Tue 20th May 2014
May 14: The development of a meaningful manifesto for international growth
The past few weeks have seen some brilliant news for the local economy. As a result of a string of immensely encouraging new investment announcements orchestrated by Invest Northern Ireland and involving inward investors and indigenous companies, the prospects look much brighter than they did when I began my two-year stint as President of the Northern Ireland Chamber. Unemployment, for instance, continues to fall.
I will hand over the Presidential chain at the end of the month with Northern Ireland’s biggest business organisation in fine fettle, stronger than ever and ready to make an even greater contribution to the efforts by the Executive and Invest NI to transform the local economy into one driven by a private sector that’s more confident and with a sharper focus on international markets.
One of the most important initiative launched during my term was the Growing Something Brilliant conference last June. Our second Growing Something Brilliant, generously sponsored by SSE Airtricity; Pinsent Masons and First Trust Bank, will take place at the end of the month and will feature an inspirational address by Sean O’Driscoll about the development of Glen Dimplex, which has significant operations in Northern Ireland, into one of the world’s most innovative and successful exporters of heating systems.
Glen Dimplex is a remarkable success story, a tremendous role model in line with the Chamber’s longstanding commitment to encourage and facilitate business growth here through greater investment in innovation, leadership and engagement with international markets.
We anticipate a full house again and intend to shape the deliberations into a manifesto to influence the Executive as it develops policies to accelerate the growth of small businesses, the lifeblood of every economy, especially in global markets. The event is open to members and the wider business community, because we need to garner the opinions and support from as wide a base as practicable. It’s also our intention to use the conference as a sounding board to assist our work to create an imaginative and practical Export Strategy that will help to drive sales of manufactured goods and expert services aboard at a much faster pace.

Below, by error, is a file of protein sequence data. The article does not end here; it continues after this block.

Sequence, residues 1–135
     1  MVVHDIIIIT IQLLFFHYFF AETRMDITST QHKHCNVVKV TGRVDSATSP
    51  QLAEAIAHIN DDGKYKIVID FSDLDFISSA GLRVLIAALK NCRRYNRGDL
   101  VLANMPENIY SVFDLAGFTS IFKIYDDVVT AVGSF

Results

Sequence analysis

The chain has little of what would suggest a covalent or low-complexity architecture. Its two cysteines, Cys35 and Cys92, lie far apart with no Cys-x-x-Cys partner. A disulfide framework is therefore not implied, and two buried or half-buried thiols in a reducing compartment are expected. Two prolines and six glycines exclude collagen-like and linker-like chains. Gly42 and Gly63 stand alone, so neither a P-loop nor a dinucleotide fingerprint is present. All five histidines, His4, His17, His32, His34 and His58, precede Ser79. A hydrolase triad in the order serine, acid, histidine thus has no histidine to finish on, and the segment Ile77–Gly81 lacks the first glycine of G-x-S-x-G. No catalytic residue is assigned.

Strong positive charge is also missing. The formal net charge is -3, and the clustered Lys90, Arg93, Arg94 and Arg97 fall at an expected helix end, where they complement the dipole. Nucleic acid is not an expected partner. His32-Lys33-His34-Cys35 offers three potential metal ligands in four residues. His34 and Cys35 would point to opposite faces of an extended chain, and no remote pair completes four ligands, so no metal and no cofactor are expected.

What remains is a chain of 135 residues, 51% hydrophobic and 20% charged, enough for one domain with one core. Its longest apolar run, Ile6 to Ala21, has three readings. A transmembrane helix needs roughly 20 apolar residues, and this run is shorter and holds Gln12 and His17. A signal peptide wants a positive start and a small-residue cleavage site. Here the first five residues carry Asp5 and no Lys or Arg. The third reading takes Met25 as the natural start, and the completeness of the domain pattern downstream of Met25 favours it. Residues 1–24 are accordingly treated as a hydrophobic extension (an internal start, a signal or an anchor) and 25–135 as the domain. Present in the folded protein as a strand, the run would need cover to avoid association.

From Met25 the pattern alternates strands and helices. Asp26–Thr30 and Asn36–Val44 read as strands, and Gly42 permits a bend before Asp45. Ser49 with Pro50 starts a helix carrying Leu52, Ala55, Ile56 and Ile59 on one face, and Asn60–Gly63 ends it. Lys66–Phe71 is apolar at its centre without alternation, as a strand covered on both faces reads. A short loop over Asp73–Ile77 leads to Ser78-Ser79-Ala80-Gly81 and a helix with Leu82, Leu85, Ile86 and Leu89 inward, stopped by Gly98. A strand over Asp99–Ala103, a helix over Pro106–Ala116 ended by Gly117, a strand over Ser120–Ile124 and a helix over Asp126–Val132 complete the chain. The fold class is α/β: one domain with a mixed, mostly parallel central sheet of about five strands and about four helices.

Such a strategy is essential if we are to bridge the sizeable gap with other parts of the UK in crucially important areas such as productivity, skills and, of course, employment. Encouragingly our move out of recession is being led by long established industries such as engineering and food and newer sectors such as ICT and life sciences. Our manufacturing and services sectors, according to the most recent report by PwC, have shown nine months of continuous improvement. Output growth expectations in the three months to February grew faster than a number of other UK regions and matched the overall UK growth for the period.
Construction remains depressed. Food, of course, remains a key manufacturer that contributes over £4 billion to the local economy and has a genuine reach across the province. The food sector strategy highlighted the opportunities from working together to embrace the global market. Food and aerospace each generate over £1 billion a year in export sales. Machinery and transport equipment also contribute hugely to the wellbeing of the local economy.
I’ve had opportunities to meet many companies with immense potential during my time as President of the Chamber and to explore how best we can help them to prosper in both short and long terms. I’ve been impressed by their dedication and gritty determination to succeed especially in global markets.
I am confident that we have to talented leaders and innovative companies to help regenerate the local economy and create greater prosperity and stability here.